'Memoirs of Extraordinary Popular Delusions and the Madness of Crowds' is an early study of crowd psychology by Scottish journalist Charles Mackay, first published in 1841 under the title 'Memoirs of Extraordinary Popular Delusions.'
This edition of volume 1, published in 1852, has chapters on:-
The Mississippi Scheme, The South-Sea Bubble, The Tulipomania, The Alchymists, Modern Prophecies, Fortune Telling, The Magnetisers, and Influence of Politics and Religion on the Hair and Beard.
Illustrated with numerous engravings.
Decorative embossed brown cloth cover with publishers blind embossed name in the design. Gilt floral decorations and title on the spine. The rear board has a four dark spot marks, and there is a surface ship approx. 12 mm x 7 mm, towards the bottom of the spine. Cover corners have slight rubbing wear; spine ends are bumped and have small tears; two closed tears, both approx. 5 mm, to the upper spine end, and a closed tear, approx. 4 mm at the bottom. There are some foxing spots on the end papers, frontispiece and illustrated first title page, and occasional spots on the first chapter leaves. Front end papers have some numbers written on them, and on the end paper is a label attached for the Singleton Gift Library.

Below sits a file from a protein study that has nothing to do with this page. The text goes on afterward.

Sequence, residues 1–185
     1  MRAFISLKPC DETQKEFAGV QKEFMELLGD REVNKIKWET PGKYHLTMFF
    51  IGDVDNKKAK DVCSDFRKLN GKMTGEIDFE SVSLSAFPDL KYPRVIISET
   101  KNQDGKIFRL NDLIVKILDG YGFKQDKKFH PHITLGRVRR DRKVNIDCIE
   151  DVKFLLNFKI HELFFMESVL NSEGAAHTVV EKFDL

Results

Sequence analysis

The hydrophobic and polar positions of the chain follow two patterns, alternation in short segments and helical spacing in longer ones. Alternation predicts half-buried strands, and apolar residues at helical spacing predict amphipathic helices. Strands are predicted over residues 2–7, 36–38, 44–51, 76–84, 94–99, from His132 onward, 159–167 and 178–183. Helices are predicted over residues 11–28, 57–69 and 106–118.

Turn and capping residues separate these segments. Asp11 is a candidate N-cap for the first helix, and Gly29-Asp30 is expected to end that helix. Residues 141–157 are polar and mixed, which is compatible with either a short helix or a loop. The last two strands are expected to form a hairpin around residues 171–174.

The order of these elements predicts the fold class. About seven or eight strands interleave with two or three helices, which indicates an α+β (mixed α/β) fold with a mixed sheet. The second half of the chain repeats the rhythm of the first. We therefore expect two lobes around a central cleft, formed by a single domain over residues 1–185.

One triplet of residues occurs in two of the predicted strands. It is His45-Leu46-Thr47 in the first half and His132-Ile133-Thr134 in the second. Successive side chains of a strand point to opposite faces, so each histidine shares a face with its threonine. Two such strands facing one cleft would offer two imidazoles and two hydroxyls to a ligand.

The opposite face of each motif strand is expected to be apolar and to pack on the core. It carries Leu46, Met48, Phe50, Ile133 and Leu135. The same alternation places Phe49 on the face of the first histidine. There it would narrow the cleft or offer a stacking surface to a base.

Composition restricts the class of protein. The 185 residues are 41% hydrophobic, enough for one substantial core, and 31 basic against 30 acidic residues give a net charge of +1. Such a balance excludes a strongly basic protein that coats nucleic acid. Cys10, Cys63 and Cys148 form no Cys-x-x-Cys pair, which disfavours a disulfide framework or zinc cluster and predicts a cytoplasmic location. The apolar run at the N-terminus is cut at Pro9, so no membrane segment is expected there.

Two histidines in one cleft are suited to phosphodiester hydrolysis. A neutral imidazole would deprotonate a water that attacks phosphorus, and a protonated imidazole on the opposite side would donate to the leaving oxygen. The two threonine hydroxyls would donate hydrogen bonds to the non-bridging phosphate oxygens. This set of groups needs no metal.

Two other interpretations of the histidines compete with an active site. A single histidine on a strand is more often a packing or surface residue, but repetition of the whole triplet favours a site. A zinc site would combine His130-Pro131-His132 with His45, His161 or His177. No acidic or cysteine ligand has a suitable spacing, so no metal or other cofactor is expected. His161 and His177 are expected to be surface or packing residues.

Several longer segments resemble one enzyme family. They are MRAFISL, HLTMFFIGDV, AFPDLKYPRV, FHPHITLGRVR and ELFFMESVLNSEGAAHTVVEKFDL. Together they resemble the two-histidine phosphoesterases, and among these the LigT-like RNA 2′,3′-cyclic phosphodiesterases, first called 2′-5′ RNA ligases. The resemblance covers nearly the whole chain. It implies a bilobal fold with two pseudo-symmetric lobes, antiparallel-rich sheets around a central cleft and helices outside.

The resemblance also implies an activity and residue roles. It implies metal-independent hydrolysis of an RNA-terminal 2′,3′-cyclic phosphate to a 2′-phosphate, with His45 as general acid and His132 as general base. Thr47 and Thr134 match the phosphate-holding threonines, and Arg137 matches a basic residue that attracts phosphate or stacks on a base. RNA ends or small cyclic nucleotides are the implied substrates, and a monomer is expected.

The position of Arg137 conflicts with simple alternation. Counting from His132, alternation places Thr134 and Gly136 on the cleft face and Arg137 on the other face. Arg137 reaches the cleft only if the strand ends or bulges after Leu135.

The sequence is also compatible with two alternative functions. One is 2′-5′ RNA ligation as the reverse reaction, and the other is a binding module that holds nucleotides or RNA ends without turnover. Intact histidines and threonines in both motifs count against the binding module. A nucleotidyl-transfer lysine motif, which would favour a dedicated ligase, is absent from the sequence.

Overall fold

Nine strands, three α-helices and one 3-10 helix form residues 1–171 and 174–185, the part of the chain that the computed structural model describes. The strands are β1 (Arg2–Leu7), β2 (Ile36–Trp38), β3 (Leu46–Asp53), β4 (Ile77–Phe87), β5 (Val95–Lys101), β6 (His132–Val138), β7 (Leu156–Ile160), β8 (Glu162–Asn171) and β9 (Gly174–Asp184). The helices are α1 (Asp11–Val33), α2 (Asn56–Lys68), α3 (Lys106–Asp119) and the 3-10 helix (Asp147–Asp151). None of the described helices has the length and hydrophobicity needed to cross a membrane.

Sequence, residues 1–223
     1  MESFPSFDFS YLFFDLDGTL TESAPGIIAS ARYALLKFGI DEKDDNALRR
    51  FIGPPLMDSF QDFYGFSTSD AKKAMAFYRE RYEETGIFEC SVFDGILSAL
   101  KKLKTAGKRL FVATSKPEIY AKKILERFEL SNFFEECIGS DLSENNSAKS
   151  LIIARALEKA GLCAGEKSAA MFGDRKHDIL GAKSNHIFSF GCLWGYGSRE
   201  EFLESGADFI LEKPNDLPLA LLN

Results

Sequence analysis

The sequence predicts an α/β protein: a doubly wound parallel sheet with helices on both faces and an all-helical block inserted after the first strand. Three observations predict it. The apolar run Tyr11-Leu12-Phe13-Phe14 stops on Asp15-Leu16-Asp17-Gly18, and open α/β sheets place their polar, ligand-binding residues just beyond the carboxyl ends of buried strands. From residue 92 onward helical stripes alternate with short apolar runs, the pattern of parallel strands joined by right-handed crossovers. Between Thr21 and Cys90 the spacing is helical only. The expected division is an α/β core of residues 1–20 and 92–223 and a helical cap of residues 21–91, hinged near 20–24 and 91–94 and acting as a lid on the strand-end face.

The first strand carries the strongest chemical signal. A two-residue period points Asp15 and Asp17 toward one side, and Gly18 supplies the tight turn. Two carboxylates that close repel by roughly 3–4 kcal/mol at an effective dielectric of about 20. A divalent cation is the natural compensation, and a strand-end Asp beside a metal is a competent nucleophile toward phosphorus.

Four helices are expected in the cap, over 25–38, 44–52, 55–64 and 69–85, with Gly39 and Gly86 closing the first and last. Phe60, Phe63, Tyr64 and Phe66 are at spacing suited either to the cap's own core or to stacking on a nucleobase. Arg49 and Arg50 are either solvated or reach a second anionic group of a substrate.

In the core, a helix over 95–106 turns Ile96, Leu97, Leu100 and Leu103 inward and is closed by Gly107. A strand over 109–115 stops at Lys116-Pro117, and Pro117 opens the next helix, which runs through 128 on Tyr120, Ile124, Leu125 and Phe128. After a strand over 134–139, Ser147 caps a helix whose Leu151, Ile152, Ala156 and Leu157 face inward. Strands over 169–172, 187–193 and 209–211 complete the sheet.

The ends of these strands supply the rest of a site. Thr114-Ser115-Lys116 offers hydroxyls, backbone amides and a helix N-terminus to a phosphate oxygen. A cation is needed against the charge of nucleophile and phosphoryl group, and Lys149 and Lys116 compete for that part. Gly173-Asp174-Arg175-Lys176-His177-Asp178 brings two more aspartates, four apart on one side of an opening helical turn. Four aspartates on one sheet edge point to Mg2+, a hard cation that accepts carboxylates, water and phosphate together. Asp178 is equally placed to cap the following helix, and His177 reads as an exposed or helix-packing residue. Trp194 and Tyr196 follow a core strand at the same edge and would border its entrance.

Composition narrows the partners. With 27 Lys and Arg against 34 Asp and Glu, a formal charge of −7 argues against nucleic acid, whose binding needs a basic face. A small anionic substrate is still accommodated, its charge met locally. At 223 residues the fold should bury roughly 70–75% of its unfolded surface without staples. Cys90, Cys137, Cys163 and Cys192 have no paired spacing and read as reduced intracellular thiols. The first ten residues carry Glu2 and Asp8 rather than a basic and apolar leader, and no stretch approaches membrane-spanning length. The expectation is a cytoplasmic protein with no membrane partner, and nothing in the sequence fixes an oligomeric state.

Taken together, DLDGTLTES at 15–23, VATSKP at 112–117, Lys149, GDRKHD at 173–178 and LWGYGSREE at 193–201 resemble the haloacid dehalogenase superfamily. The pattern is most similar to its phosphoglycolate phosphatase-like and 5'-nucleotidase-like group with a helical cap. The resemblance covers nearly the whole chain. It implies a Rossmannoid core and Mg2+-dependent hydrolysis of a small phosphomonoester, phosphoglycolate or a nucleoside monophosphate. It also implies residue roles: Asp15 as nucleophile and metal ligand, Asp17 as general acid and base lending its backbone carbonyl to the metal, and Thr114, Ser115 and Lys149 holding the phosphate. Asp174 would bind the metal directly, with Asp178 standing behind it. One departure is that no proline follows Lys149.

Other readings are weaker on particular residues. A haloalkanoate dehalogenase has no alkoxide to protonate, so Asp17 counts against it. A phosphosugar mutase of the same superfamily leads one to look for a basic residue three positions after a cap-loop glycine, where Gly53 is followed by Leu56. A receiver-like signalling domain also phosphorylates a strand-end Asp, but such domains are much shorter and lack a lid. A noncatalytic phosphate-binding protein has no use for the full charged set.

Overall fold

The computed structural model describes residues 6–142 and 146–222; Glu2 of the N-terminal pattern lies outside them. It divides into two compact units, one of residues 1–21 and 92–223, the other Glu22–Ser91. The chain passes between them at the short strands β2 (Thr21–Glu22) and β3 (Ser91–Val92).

A quotation from the book:
"Men, it has been well said, think in herds; it will be seen that they go mad in herds, while they only recover their senses slowly, and one by one."